Hartford Seminary

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Aida Mansoor Named Interim Coordinator of Islamic Chaplaincy Program

Hartford Seminary is pleased to announce that Chaplain Aida Mansoor has been named Interim Coordinator of the Islamic Chaplaincy Program. Chaplain Mansoor will add this role to her responsibilities as a part-time recruiter for Hartford Seminary’s admissions office.

As Interim Coordinator, she will work closely with the Director of the Islamic Chaplaincy Program, Dr. Timur Yuskaev, to administrate the program, manage community outreach, coordinate recruitment efforts, support current students and graduates, and coordinate extra-curricular activities.

“Thank God for Aida!” Dr. Yuskaev said. “Chaplain Mansoor’s integrity, experience, education, and, above all, her commitment to faithful service make her a unique fit for our program — and her joining us before the start of the new academic year an auspicious beginning.”

Chaplain Mansoor is a recent graduate of Hartford Seminary’s Islamic Chaplaincy program. She serves on several boards, including the Muslim Coalition of Connecticut, the Connecticut Council for Interreligious Understanding and the Islamic Association of Greater Hartford. She was President of the Muslim Coalition of Connecticut from 2011 to 2016.

A frequent presenter on such topics as “Understanding Islam and Muslims” and “Women in Islam,” she also works on a number of projects in the Greater Hartford area involving issues such as domestic violence awareness and Muslim women’s health and wellness. She is the recipient of numerous awards, including the Human Relations Award from the National Conference for Community and Justice, the Public Service Award from the Permanent Commission on the Status of Hartford Women/City of Hartford, and the Celie J. Terry Prize, given to a Hartford Seminary graduating student who demonstrates a commitment to academic achievement and excellence in interfaith community work.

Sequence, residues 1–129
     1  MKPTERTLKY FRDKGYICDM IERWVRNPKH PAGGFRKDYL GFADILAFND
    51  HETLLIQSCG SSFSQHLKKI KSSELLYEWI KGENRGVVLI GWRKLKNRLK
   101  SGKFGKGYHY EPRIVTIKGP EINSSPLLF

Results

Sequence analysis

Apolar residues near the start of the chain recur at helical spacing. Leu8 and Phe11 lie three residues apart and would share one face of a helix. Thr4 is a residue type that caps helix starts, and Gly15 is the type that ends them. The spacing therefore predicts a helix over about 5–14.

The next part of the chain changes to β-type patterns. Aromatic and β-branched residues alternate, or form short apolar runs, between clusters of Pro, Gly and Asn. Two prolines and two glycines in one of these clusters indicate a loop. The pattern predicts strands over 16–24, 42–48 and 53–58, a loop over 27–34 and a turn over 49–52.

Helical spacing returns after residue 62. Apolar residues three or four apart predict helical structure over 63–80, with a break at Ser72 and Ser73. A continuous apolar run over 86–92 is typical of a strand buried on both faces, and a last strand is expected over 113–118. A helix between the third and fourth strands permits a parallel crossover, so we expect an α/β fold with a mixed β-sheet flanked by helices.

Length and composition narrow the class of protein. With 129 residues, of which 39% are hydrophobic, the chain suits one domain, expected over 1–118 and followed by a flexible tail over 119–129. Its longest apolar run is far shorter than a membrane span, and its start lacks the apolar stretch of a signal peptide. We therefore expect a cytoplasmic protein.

Hartford Seminary’s Islamic Chaplaincy Program, launched in 2001, was the first accredited such program in the nation. Students who complete the program earn a 48-credit Master of Arts in Religious Studies with a focus on Islamic Studies and Christian-Muslim Relations and a 24-credit Graduate Certificate in Islamic Chaplaincy.

Chaplains work in both public and private institutions as representatives of their religious tradition. Such institutions include colleges and universities, hospitals, prisons, the military and non-profit organizations. Hartford Seminary graduates are working today as chaplains at Duke University, Yale University, Princeton University and Stanford Health Care, among other prominent institutions.

Hartford Seminary is committed to continuing its unparalleled role in the history of Christian-Muslim relations in the United States.

President Joel N. Lohr said, “This hire is just one in a number of important steps to strengthen our Islamic Chaplaincy program and to continue to invest in Muslim-Christian relations and Islamic Studies. Chaplain Mansoor’s unique gifts and talents — which are many — are a boon to Hartford Seminary, and in many ways her life and story personify our mission of “Exploring Differences, Deepening Faith.” I couldn’t be more pleased to have her join us in this program!”

Chaplain Mansoor will begin her position on Aug. 15.

 

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